Reviews

Peter Hammill & Gary LucasPeter Hammill & Gary Lucas
Album: Other World
Label: Esoteric Antenna
Tracks: 14
Website: http://www.esotericrecordings.com

An intriguing prospect this - on the most superficial level it's an (unlikely?) collaboration between a legendary artist and a long-time fan, but when the two protagonists are identified as the visionary Van Der Graaf Generator founder and the avant-blues guitarist formerly of Beefheart's Magic Band and erstwhile writing partner of Jeff Buckley, the resultant project might be thought even more daring.

As it turns out, Other World is an intense, and intensely-realised, meeting of minds that - unbelievably - wasn't even mooted or formally essayed prior to the two musicians' discovery of a mutual wavelength following a VDGG reunion concert in 2005; a subsequent reconnection that led to Lucas visiting Hammill's studio in 2012 to just work on some ideas. There's a pronounced empathy between the two musicians' ostensibly disparate playing styles, with the progressive and experimental meeting the virtuoso more than half-way and via the emotional, each taking the other into a different, "other" world yet preserving and maintaining the best of both worlds - the contemporary songwriting and the inventive soundscaping: the latter world, of course, is one that Hammill himself has been pursuing tentatively to some extent ever since 1979 (with albums like PH7 and A Black Box). Since which time, it might be tempting to generalise a bit, that Hammill's albums have tended to fall into one or other category (Thin Air and Sonix being kind-of polar extremes, let's say); so it feels that Lucas' presence and musical ideas have served as a prime catalyst for the present-day realisation of a more creative melding of the two strands.

The album's sequence thus intersperses tracks built around "straightly" sung or part-declaimed vocal delivery with tracks that are deceptively fluid-sounding instrumental tracks in the shape of "aural escapades". The eight songs embrace those with archetypally significant, sometimes somewhat elliptical Hammill lyrics (Of Kith And Kin, Spinning Coins and The Kid) through to altogether more caustic utterances like This Is Showbiz, which mightn't have been considered out of place on the early Hammill solo venture Nadir's Big Chance, and the riff-driven Cash. Using just Hammill's distinctive vox backed by guitars, albeit treated, looped and enhanced, the result is surprisingly effective (and, though stark, not exactly minimalist). Of the six purely instrumental adventures, some (Built From Scratch, Attar Of Roses, Glass) have the air of depictive tone-poems, mood pieces almost, that approach the world of movie soundtrack, while others (like the finale Slippery Slope) have more kinship with ambient. Lucas' limpid guitar embellishments and interventions prove stimulating, and his anguished expressionist voicings really do complement the sometimes abrasive guitaristic manœuvres of Hammill (as on Means To An End). Trading ideas proves most productive, and the worlds collide (and collude) most satisfyingly perhaps on the sinister warning of Black Ice, the disturbing and sublimely eerie Some Kind Of Fracas and the pithy ballad Two Views, on which Lucas sketches weird guitar shapes and patterns around Hammill's intransigent, uncompromising truths. Although opening track Spinning Coins is arguably one of the album's least adventurous or most conventional (musically speaking), its lyric acts almost as a metaphor for the whole exercise, the outcome of randomness that sparked this collaboration into being - but it has turned out an artistic triumph, of that there's no doubt.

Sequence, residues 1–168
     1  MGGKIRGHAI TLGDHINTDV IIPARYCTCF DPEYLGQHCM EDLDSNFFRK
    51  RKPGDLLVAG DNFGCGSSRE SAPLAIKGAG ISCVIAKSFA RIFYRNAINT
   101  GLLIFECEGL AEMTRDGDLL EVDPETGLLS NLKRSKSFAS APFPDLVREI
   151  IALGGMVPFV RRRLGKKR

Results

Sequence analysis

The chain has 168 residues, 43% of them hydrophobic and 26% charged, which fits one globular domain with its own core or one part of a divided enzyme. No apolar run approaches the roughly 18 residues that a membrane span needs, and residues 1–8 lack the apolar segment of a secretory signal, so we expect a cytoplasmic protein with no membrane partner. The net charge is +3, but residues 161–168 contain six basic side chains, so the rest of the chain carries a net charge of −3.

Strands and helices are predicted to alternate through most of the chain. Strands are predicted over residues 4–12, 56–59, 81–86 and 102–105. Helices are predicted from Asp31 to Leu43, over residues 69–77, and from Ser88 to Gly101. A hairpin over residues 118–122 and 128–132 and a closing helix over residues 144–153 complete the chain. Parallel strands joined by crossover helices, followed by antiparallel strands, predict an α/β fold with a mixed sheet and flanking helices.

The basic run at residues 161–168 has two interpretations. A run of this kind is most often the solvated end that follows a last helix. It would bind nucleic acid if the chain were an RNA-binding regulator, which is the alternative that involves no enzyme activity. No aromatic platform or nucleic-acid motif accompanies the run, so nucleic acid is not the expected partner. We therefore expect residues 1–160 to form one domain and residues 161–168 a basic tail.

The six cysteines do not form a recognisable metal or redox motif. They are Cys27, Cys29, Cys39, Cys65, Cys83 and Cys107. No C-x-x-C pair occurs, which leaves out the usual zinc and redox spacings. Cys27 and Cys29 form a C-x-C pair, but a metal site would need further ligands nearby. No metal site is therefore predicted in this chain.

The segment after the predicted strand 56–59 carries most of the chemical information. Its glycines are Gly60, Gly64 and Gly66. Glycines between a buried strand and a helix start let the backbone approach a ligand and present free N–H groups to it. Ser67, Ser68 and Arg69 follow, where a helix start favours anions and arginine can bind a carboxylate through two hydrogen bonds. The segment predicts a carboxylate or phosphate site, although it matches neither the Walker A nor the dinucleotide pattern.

David Kidman